Organizations that offer professional development opportunities are better equipped to attract and retain top talent. However, budget constraints sometimes make it difficult to provide those opportunities. That’s when it’s time to get creative.
The Nonprofit Times recently shared these three tips for approaching budget-friendly professional development:
- Determine your organization’s biggest challenges. Of course, this is probably lack of resources and time, so think about implementing cost-effective solutions like:
- Monthly coffee hour: Get together with your team once a month to discuss round robin topics, projects, upcoming events, etc. This is about having consistent “face time.”
- Speed mentoring: Get your leadership team together once every quarter or six months and allow each employee 15 minutes with each leader. Rotate employees every 15 minutes until they have met with all leaders. This allows employees to have access to leadership, feel part of the organization and learn from people who inspire them.
- Feature a local leader at a get together: Ask community leaders with influence or individuals with interesting career paths to volunteer their time to talk with your team. Make it after hours, in a more relaxed environment.
- Think creatively about how to make education impactful. Make education more appealing to employees without adding more to their plate. Here are some examples:
- Implement a mentorship/buddy program to connect newer employees with more seasoned staff who can address questions or concerns.
- Hold a contest tied to something employee are already working on to boost productivity and inspire employees to think outside the box to accomplish their goal. Offer a reward as incentive.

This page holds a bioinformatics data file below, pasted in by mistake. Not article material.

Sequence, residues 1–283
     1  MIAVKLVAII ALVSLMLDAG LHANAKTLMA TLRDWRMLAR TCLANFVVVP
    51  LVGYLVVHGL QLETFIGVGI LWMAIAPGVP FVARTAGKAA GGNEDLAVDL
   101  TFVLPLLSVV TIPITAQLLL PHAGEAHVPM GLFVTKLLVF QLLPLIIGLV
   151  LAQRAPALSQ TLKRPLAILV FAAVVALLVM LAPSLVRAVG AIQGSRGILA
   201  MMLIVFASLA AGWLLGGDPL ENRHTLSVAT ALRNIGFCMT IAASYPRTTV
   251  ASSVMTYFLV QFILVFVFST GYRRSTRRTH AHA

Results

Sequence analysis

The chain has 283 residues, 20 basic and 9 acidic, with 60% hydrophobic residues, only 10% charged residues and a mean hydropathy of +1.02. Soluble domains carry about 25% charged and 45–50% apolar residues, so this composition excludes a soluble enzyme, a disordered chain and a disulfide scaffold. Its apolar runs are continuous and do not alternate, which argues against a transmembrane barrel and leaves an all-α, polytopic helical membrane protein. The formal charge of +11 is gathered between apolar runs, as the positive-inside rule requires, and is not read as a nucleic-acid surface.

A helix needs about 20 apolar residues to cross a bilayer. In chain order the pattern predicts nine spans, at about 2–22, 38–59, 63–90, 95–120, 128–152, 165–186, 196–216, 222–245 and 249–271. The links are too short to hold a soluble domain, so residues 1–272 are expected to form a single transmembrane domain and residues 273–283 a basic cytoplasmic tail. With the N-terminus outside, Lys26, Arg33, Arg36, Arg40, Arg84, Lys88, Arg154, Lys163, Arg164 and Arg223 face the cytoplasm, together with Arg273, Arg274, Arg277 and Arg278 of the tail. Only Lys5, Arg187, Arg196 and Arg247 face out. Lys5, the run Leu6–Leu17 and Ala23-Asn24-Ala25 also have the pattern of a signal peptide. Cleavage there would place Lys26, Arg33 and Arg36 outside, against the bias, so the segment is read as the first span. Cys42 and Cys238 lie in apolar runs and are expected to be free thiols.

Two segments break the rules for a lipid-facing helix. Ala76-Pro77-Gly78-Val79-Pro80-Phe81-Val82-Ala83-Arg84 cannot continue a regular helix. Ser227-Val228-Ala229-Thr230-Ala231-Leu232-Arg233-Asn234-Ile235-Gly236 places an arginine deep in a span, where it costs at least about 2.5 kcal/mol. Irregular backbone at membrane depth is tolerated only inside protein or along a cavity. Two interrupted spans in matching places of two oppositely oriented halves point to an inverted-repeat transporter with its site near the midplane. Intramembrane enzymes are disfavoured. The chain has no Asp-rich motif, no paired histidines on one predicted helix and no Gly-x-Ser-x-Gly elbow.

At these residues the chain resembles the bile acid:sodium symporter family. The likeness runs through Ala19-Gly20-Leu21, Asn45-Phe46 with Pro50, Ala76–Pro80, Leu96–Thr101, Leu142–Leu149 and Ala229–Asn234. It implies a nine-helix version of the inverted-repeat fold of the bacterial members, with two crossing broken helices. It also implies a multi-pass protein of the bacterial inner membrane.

- Put together a reading list of trainings available on audio tape, Podcasts and webinars, allowing employees to learn on their own time, at their own pace.
- Keep your employees engaged. People want to be part of things, so they feel welcomed and appreciated.
- Make your trainings and meetings interactive to ensure better focus and higher retention.
- Put together a quarterly potluck lunch and learn. Train on a topic that will be important for the next quarter.
- Collaborate. Ask employees for their feedback and help with finding solutions, in training and on their jobs.
An educated workforce has enormous benefits for any organization. As important as it is for employers to offer professional development opportunities, it’s also critical that employees take responsibility for their own learning in order to move forward in their careers.
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Allison, Samantha. (15 Oct 2018). 3 Ideas For Professional Development On A Budget. The NonProfit Times.